Ostensibly, Twitter (like other social media) displays content along a linear timeline, with the most recent tweets at the top of your reader.  You can think of this (as, perhaps, people less familiar with social media might) as similar to print-based content like newspapers and magazine articles.  But this isn't quite right.  On my desk, for example, is the excellent 2015 Baltimore Uprising: A Teen Epistolary, a "curated" collection of tweets from young people during the 2015 Baltimore Uprising.  As a book, it's taken all of the linear, temporal tweets and bound them up into a single, syntagmatic diorama.  As a temporal event, the book of the tweets collapses the Uprising into a single plane of discourse, and reading the book is a very different experience than live-tweeting the event.

However, this obvious difference discounts the structure of the social media platform as, ultimately, a heterogeneous chronotype.  Twitter looks like our experience of Newtonian time; to the casual observer, our experiential "now" is the "now" of Twitter.  Scrolling down the timeline takes us into a past that looks like our past.  But Twitter time operates according to very different rules than our ordinary, everyday understanding of temporality.

For one thing, there are many practices that can disrupt Twitter's apparent linearity.  First, you can re-tweet, summoning up content from earlier in the Twitter timeline and magically depositing it in the present.  Events that transpired in the past suddenly become the "now"--not as memory or echo, but as coeval with unfolding Twitter time.  The only indication of the asynchrony is the time-stamp.



Threading your tweets is another common form of time manipulation.  While most users seem to use this "self-reply" function to articulate longer, more complex thoughts, there are also numerous time effects.  For example:

The differences between 4 and 37 minutes are collapsed through the 3 tweet thread.  Moreover, the linear flow of Twitter is reversed, since the oldest tweet appears first.  The above example is certainly less dramatic than a days or weeks-long gap between tweets in a single thread, but the power of this function (or what Fast Company calls a "hack") is to collapse temporally discontinuous discourse into a coeval frame.

You can also manipulate time-lines with hashtags.  By utilizing a hashtag, a user affiliates their content with other tweets that use the same, even if those tweets are temporally distance.  The effect of a search query, then, folds time into tweet content.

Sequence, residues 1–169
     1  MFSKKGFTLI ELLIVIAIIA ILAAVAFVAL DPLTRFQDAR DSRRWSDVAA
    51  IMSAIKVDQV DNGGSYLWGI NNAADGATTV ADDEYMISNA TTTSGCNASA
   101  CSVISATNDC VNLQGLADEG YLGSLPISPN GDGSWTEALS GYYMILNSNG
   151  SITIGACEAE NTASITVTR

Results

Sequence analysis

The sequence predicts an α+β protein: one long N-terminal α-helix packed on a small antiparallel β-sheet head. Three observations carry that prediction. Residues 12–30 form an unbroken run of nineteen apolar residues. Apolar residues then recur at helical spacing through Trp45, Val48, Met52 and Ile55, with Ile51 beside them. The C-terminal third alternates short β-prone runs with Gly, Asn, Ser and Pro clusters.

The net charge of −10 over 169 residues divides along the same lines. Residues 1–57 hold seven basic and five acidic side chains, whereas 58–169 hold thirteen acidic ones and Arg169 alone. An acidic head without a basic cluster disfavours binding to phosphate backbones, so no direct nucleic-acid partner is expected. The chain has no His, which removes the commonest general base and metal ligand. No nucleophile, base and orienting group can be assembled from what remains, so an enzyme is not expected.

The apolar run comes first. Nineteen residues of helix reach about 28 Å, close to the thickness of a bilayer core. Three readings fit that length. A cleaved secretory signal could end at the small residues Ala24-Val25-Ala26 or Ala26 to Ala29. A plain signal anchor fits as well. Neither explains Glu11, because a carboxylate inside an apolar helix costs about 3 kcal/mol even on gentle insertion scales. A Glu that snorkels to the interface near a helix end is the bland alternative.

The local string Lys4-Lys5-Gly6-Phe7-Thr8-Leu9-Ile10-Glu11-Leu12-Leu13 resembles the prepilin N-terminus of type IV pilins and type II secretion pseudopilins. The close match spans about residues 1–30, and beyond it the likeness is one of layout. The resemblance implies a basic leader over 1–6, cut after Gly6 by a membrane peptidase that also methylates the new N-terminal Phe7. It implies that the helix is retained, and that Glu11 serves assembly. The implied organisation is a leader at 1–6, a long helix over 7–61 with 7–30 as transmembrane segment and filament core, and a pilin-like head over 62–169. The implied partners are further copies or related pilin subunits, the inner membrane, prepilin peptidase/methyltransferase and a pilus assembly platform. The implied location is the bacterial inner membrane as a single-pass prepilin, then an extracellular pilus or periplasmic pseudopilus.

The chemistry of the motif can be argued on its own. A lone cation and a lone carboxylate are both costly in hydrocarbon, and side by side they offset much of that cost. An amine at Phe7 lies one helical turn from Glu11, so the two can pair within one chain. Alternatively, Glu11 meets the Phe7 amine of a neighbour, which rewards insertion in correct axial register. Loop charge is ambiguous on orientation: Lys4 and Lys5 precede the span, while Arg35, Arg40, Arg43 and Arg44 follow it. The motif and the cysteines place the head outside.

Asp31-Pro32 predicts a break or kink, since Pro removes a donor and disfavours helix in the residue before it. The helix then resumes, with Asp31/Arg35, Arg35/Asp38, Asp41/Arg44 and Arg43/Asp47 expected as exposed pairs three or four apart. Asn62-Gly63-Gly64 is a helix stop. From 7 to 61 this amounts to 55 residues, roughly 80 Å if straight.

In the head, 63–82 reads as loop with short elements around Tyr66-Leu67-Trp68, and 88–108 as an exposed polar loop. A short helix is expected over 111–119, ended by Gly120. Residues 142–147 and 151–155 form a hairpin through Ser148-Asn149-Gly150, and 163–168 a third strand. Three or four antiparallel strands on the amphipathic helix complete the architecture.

Or, rather, hashtagging sets up another timelines--this one relativistically yanking events out of their original timespace and setting up a chronological alternative.

In addition, Twitter (and third-party sites) offer a variety of tools to help users manipulate time. 
There's "TweetDeck," which allows a combination of specialized timelines and scheduled tweets across multiple accounts--a kind of time dashboard where users can work within multiple threads across time zones.  And there are others as well--"tweet4.me"--that are more user-friendly apps that allow users to do the same.  While the intent of these tools is to enable users to always be "on," they really constitute a form of time travel, with the content I post now existing only in a shadowy future.  Discursively, the Twitter user can follow the same path as Robert Heinlein's protagonist in "All You Zombies" and go back in time to give birth to himself.  

Finally, there are a variety of tools to freeze time altogether.  Your own archive of tweets is one example of this effect, as are third party apps like Storify, that let users create social media narratives with custom (and fungible) timelines that additionally allow you to mix multiple social media platforms, and then arrest the linearity of social media through "publishing" your story.  Here's part of one I did a few months ago on a small neighborhood in Seoul:


 With all of this time traveling, and the all of the chronological disjunctures this implies, it's not surprising that recent features ("Moments" and "Home Timelines") are also temporal features, but I can't help but think that Twitter could do much, much more.  For example, time zones can be manipulated by a user through scheduled tweets, but not by your timeline--a difficulty not only for those of us interested in Twitter traffic in, say, Korea, but also for the general health of public discourse.  Another possibility would be to develop a more Bergsonian app for Twitter.  When you read someone's tweet, re-tweet or reply, you're reading it out of their, individual Twitter-time.  What were they writing or commenting upon before and after this tweet?  Yes--you could find out (just as you could simply run searches to read tweets from other time zones), but why couldn't Twitter make these into new features?  

Twitter needs to consider it's relationship to time--to become a Time Lord, and to share their power with users taking control over their own temporalities.